Another related theme explores the ideas of responsibility and justice. Some readers of the first three paragraphs misread the narrative as saying that Fleur is responsible for the deaths of three men owing to their interfering with or witnessing her drowning. To accept that reading one would have to accept as literal fact the folk belief in Fleur's supernatural powers. In addition, one would be forced to conclude that the injustices that Native American women and other women suffered in male-dominated communities of late nineteenth and early twentieth-century America were the fault of the victims. Is Erdrich's intention to 'blame the victim' for injustice? Hardly. Indeed, the only recourse available in Erdrich's economical story for unjust actions seems to be possible only through folklore, especially legends and other traditional stories, as well as beliefs in "the old ways." Legend is always a powerful form of cultural expression. In "Fleur" Pauline, the narrator, recounts how much damage Fleur did to Argus—the "white" town nearest the reservation— in the summer when she left the reservation, when "things happened. She almost destroyed that town." The powerlessness of Fleur and the other women, Native and Euro-American, to respond effectively to local injustices, let alone to the overwhelming consequences of the Conquest, leads in Erdrich's fiction to novel and effective ways of retribution. For instance, according to local legend, anytime a man "saves" Fleur Pillager from drowning or other catastrophe, he dies, an apparent cause and effect relationship suggested in the first paragraph of the story. "It went to show, my grandma said. It figured to her, all right. By saving Fleur Pillager, those two men had lost themselves." Later, after Lily Veddar, Tor Grunewald, and Dutch James assault and rape Fleur, a violent tornado swoops down on Argus, destroying Koska's meat packing plant except for the living quarters of Pete and Fritzie. The three men seek shelter in the meat plant's locker building, where the meat is kept frozen by the great blocks of ice harvested from Lake Turcot every winter. Pauline hears a voice in the wind telling her to "slam down the great iron bar that fit across the hasp and lock" of the lockers leaving the men with no way out.

In the aftermath of the tornado, when everyone discovers that no business had been too seriously hurt, except for Koska's Meats, no one misses the three men for days; when they are finally dug out, the men are discovered frozen solid, despite the bearskins they had taken down and wrapped themselves in. Earlier in the story, we learn that Fleur Pillager is a shape shifter whose tracks change from her own to those of a bear. At the end of the story, the narrator, Pauline, reveals that Fleur is a member of the bear clan and that Fleur gives birth to a baby girl—perhaps as a result of the rape, perhaps fathered by "a man with brass scales or by the lake"—"whose green eyes and skin the color of an old penny made more talk," the story coming up different each time. The legends about Fleur continue and provide a kind of power that adheres to her and her people.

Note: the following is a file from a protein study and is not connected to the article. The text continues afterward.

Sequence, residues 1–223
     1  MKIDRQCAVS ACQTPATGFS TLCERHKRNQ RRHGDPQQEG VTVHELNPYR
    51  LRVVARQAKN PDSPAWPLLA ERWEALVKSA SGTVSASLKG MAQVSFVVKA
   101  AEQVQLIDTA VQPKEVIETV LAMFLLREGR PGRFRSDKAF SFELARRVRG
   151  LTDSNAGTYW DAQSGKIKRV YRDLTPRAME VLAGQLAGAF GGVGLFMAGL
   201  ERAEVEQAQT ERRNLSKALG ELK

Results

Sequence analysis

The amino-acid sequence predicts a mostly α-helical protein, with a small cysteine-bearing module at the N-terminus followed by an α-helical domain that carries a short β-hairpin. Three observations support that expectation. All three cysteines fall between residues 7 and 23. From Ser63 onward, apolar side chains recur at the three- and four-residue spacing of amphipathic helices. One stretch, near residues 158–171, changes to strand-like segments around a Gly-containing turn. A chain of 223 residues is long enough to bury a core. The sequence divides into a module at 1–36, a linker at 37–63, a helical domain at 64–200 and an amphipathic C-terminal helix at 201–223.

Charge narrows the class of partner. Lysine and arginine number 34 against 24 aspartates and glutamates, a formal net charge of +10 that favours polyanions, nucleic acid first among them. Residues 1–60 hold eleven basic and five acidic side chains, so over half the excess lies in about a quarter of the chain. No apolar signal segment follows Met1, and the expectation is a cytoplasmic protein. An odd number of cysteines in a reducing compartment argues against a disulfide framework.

Compare and Contrast

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1910s: Chippewa cope with poverty, lack of adequate hunting space, depression, and loss of land. There is little or no organized resistance to the American government, although Chippewa leaders and activists interact with government agents from the Bureau of Indian Affairs.

1980s: The militant American Indian Movement, founded by three Chippewa in 1968 to address disenfranchisement, poverty, and treaty rights of Native Americans, continues to carry out some activism, including taking over a camp in the Black Hills of South Dakota between 1981 and 1984. The movement is in decline, however, due to Federal Bureau of Investigation actions against it and the Indian Self-Determination and Educational Assistance Act of 1975, which helps to alleviate many of its concerns.